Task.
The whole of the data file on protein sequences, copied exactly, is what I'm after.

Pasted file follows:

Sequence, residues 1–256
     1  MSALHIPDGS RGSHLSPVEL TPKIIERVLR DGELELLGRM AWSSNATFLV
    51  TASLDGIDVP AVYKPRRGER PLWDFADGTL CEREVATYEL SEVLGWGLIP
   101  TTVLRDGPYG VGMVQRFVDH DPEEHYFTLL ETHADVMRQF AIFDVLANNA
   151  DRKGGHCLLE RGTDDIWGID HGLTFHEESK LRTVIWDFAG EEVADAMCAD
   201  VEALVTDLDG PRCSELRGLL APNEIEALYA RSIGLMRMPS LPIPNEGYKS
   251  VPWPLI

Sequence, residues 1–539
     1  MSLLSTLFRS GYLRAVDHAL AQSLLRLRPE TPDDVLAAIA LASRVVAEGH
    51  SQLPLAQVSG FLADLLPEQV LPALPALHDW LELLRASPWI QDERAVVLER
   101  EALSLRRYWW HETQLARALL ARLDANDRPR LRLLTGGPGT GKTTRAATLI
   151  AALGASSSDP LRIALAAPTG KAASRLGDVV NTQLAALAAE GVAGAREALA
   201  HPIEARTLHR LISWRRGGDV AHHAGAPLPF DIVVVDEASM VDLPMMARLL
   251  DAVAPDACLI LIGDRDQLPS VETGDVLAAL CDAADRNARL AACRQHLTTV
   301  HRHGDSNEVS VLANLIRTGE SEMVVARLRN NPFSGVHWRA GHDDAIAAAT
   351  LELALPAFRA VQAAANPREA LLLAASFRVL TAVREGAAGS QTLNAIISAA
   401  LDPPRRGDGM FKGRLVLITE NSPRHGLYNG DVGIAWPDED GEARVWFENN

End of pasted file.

Sequence, residues 1–256
     1  MSALHIPDGS RGSHLSPVEL TPKIIERVLR DGELELLGRM AWSSNATFLV
    51  TASLDGIDVP AVYKPRRGER PLWDFADGTL CEREVATYEL SEVLGWGLIP
   101  TTVLRDGPYG VGMVQRFVDH DPEEHYFTLL ETHADVMRQF AIFDVLANNA
   151  DRKGGHCLLE RGTDDIWGID HGLTFHEESK LRTVIWDFAG EEVADAMCAD
   201  VEALVTDLDG PRCSELRGLL APNEIEALYA RSIGLMRMPS LPIPNEGYKS
   251  VPWPLI

Sequence, residues 1–539
     1  MSLLSTLFRS GYLRAVDHAL AQSLLRLRPE TPDDVLAAIA LASRVVAEGH
    51  SQLPLAQVSG FLADLLPEQV LPALPALHDW LELLRASPWI QDERAVVLER
   101  EALSLRRYWW HETQLARALL ARLDANDRPR LRLLTGGPGT GKTTRAATLI
   151  AALGASSSDP LRIALAAPTG KAASRLGDVV NTQLAALAAE GVAGAREALA
   201  HPIEARTLHR LISWRRGGDV AHHAGAPLPF DIVVVDEASM VDLPMMARLL
   251  DAVAPDACLI LIGDRDQLPS VETGDVLAAL CDAADRNARL AACRQHLTTV
   301  HRHGDSNEVS VLANLIRTGE SEMVVARLRN NPFSGVHWRA GHDDAIAAAT
   351  LELALPAFRA VQAAANPREA LLLAASFRVL TAVREGAAGS QTLNAIISAA
   401  LDPPRRGDGM FKGRLVLITE NSPRHGLYNG DVGIAWPDED GEARVWFENN